Dodgers' Scott Van Slyke hits a solo home run against the Miami Marlins… (Mark J. Terrill / Associated…)
How can you not be happy for Scott Van Slyke?
He had to feel pretty unwanted this winter. The Dodgers were busy signing people and needed to make room on their 40-man roster.
So their 2011 minor league player of the year and the son of All-Star Andy Van Slyke, was designated for assignment. Available for the taking by every team in baseball, not one claimed him. He was 26.
After a tough few days and some introspection, added determination was borne.
“I think I just wanted to prove to the Dodgers that I still had some value and I could help them win,” Van Slyke said. ”Whether it happened or not, I think I would have come in the same way.”
Van Slyke dropped at least 20 pounds. He focused on his swing, dropping his hands slightly and slightly shortening his leg kick.
Yet in spring training, he was not even a nonroster invitee. He seemed completely off the team radar. When he did get a chance late in a spring game, he struggled with just two hits and 22 at-bats (.182).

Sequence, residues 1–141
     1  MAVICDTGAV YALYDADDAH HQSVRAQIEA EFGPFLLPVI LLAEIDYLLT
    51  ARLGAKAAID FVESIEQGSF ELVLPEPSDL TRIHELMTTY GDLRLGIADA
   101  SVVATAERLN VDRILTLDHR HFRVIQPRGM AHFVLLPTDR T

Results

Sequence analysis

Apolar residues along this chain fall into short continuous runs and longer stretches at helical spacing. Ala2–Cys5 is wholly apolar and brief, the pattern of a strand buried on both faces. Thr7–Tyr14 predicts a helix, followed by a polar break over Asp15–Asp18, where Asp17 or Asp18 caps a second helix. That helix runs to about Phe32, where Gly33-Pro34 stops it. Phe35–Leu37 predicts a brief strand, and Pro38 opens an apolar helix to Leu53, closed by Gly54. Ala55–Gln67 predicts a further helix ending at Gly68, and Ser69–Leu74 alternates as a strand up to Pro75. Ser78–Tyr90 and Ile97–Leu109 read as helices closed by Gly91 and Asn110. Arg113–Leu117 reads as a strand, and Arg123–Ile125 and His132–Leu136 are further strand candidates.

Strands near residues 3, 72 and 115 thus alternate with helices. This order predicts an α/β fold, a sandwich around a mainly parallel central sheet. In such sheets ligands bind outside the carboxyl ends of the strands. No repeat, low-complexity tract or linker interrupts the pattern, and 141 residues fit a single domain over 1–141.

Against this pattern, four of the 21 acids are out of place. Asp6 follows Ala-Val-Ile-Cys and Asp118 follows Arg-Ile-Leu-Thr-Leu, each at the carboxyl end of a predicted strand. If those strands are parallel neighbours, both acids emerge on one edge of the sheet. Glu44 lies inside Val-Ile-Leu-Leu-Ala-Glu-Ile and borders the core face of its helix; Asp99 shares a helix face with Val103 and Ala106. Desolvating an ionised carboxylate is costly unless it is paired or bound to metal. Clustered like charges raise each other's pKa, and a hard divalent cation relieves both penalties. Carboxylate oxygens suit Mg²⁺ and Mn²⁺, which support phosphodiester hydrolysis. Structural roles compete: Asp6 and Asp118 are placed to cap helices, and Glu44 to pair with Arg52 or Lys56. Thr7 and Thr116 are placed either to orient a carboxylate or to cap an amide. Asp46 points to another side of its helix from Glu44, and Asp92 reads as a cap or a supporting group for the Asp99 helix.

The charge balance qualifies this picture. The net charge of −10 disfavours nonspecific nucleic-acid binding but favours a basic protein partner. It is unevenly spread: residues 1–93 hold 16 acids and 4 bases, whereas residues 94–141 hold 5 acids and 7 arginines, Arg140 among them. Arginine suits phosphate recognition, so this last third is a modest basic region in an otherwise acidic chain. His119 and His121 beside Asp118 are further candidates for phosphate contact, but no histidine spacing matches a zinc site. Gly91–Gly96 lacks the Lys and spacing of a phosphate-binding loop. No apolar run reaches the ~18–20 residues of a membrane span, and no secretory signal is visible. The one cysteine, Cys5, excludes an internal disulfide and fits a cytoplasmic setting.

Nothing outwardly seemed different from the guy who had batted .167 for the Dodgers last season.
So he was assigned, again, to triple-A Albuquerque. Where he proceeded to tear up the Pacific Coast League. After 34 games he led the league in hitting (.397), and was tied in homers (nine) and runs batted in (30).
Now a seemingly more relaxed Van Slyke is enjoying some admittedly very early success. Against the Marlins on Sunday, he went two for four with a solo home run and run-scoring single.
For a guy who had to feel everyone had given up on him, it was nice to see.
“I’m just trying to play the same baseball I have been for the past month,” Van Slyke said. “It’s not on my mind to play better than I am.”
Van Slyke started Sunday for first baseman Adrian Gonzalez, who has been bothered by a nagging neck injury. He was playing first at Albuquerque this season, after mostly playing the outfield last year.
But his versatility, coupled with his being able to add some power to the bench, could keep him around even when players start coming off the disabled list.
After often looking overmatched last year, he now appears more comfortable at the plate and in the clubhouse.
“I think I’m just more relaxed,” he said. “I think last year I was trying to prove too much in such a short period of time. [This time] I’m just going to play the way I know how to play.”